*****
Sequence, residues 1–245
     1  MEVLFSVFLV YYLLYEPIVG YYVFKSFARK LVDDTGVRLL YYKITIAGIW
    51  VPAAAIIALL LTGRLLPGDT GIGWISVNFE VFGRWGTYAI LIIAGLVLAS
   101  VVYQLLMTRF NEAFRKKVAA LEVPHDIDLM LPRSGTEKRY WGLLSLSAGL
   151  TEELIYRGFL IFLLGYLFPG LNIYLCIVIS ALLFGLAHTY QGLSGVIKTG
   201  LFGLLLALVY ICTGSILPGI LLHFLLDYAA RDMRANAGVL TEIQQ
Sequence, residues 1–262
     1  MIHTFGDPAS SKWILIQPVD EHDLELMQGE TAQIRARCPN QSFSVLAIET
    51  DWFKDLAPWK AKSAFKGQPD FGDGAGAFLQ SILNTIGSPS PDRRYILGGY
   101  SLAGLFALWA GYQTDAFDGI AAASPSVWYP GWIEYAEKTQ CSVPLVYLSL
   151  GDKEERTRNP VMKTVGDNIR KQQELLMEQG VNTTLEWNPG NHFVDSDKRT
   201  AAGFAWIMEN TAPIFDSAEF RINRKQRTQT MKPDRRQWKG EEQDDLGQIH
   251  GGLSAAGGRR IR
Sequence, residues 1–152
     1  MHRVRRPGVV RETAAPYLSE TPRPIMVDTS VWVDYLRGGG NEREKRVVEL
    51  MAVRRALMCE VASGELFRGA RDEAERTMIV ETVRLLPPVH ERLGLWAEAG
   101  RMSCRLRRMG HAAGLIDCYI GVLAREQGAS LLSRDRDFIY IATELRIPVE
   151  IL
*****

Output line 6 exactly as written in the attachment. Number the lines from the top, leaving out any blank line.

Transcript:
   201  LFGLLLALVY ICTGSILPGI LLHFLLDYAA RDMRANAGVL TEIQQ